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Review paper

Is primary Sjögren’s syndrome a risk factor for malignancies different from lymphomas? What does the literature highlight about it?

Ciro Manzo
,
Melek Kechida

Reumatologia 2017; 55, 3: 136–139
Online publish date: 2017/07/18
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Background

Sjögren’s syndrome (SS) is a chronic autoimmune disease characterized by a progressive lymphocytic infiltration of the exocrine glands, mainly salivary and lachrymal glands causing xerostomia and xerophthalmia as in the 19 cases described by Sjögren in 1933 [1]. When SS occurs in the absence of any other diseases, the diagnosis of primary SS (pSS) can be made [2]. In addition to the involvement of the exocrine glands, SS can induce a wide variety of systemic and extraglandular manifestations with different clinical pictures and prognostic consequences. A systemic disease activity index for SS named EULAR Sjögren’s syndrome disease activity index (ESSDAI) has been proposed since 2010; it has been validated and used in most clinical studies [3, 4]. In 20–40% of patients with SS, severe clinical manifestations are present involving multiple organ systems with an high ESSDAI score [5]. Even if the mean age of pSS onset usually is in the 4th and 5th decade, its onset in patients aged over 65 years old is not uncommon [6–10]. In particular, in a Norwegian study, individuals aged 71–74 years had a prevalence rate of pSS 6.3–8.07 higher than those aged 40–44 years [7].
In patients with pSS the high incidence of lymphoma was firstly reported by Bunim and Talal in 1963 [11] and has been confirmed more and more since then [12–15]. The related risk for non-Hodgkin’s lymphoma (NHL) and mucosa- associated lymphoid tissue (MALT) NHL is generally estimated at 10 to 15 times when compared to the general population but in some studies the standardized incidence ratios (SIRs) were > 30 until 48.1 [16–18]. In recent years, several predictors of lymphoma development have been identified [19]. The importance of ESSDAI score has been also confirmed in recent times: patients with a higher ESSDAI score have a higher risk for lymphoma development [20]. On the other hand, the relationship between pSS and risk for malignancies different from lymphomas is still unclear. Age itself is a risk factor for malignancies: in elderly patients, aged over 70 years, cancer risk may be 40 times higher than in young people and 4 times than in adults (40–59 years old). It is estimated that in 2020, in population aged over 65 years, the percentage of patients with a diagnosis of cancer will exceed 70% [21]. Therefore, the relationship between elderly onset of pSS (EOpSS) and malignancy risk has a particular value.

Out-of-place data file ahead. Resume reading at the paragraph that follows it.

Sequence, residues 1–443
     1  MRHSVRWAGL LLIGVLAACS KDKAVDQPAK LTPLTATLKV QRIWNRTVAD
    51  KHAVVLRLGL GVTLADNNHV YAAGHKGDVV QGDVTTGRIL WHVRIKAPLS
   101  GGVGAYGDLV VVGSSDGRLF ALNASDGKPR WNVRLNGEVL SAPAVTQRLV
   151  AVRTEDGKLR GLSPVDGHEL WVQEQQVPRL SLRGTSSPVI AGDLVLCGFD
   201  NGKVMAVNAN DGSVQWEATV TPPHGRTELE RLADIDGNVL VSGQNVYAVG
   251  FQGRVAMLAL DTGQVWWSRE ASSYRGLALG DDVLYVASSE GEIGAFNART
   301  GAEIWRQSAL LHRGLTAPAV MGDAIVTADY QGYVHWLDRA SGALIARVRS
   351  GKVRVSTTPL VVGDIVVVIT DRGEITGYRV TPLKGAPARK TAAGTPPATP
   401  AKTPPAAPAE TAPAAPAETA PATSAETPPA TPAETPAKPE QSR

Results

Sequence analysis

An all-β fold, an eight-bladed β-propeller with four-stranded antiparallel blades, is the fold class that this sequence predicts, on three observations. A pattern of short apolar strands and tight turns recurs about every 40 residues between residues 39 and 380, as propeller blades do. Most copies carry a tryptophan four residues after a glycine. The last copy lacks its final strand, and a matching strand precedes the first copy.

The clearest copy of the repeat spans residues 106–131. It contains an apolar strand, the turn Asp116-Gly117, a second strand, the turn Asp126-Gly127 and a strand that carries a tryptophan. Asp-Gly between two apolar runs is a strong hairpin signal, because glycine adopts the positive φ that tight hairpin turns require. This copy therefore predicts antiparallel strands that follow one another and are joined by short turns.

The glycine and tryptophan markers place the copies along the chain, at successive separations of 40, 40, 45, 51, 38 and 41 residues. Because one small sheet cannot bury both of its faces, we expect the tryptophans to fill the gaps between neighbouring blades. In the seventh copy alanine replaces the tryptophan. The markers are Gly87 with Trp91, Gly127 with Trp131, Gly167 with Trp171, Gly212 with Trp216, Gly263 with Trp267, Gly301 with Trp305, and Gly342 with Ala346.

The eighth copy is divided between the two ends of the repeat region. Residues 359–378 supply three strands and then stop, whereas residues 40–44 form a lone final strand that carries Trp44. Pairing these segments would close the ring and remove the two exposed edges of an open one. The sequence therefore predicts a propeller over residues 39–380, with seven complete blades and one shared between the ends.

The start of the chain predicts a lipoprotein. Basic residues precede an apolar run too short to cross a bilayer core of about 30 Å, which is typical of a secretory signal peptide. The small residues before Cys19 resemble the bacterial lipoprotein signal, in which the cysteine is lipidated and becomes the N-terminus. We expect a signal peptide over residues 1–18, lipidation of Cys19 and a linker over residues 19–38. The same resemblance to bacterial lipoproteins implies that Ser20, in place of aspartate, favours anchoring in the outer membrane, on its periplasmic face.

Aim: to evaluate pSS (also as EOpSS) as a risk factor for development of non-lymphoma malignancies (NLM), considering as inclusion and eligible criterion this specific Standardized Incidence Ratio (SIR) with 95% CI [22].

Methods

A systematic search of scientific literature on PubMed in the period September 2006–January 26, 2017 has been performed using the following key words: primary Sjögren syndrome, cancer risk, autoimmune diseases, elderly, carcinogenesis, malignancy. The studies did not report the inclusion criterion have been excluded; likewise, the studies that did not report sufficient published data and those ones that did not report original data (reviews or comments, for example). Case reports and case series have been also included.

Results

A total of 494 non-overlapping citations were identified through PubMed database (see S1 – supplementary file). 462 citations were excluded on screening of abstracts or titles with general criteria leaving 32 articles for the full-text review and assessment for eligibility (see S2 – supplementary file). Twenty-five of these articles were excluded: 20 had no enough data to calculate SIRs with 95% CI; 5 were review articles or comments. In the end, only seven articles were eligible for this review (Fig. 1). They are mostly retrospective and case-control studies on database. Table I shows the main results of these studies.
In two studies, SIRs were calculated on overall cancer risk [23, 24]: it is reasonable to suppose that the SIRs, considering only NLM, would be even smaller. Among 450 patients with pSS monitored at the University Hospital of Ioannina in Greece, none developed NLM in more than 33 years [25]. An age over 65 years – with a specific reference in the study – was not associated with an increased cancer risk [16, 18, 23, 25, 26]. A recent meta-analysis by Liang et al. [27] highlighted that the number of studies exploring the association of pSS with the risk of NLM was so small that meta-analysis on subgroup was not possible [27]. When evaluated, the promoting role of immunosuppressive or biotechnologic drugs was almost constantly excluded. Some case reports found pSS associated with different types of malignancies. In some cases, the sicca syndrome represented a local condition promoting particular types of neoplasias such as cancer of tongue or nasopharyngeal carcinoma [16, 28].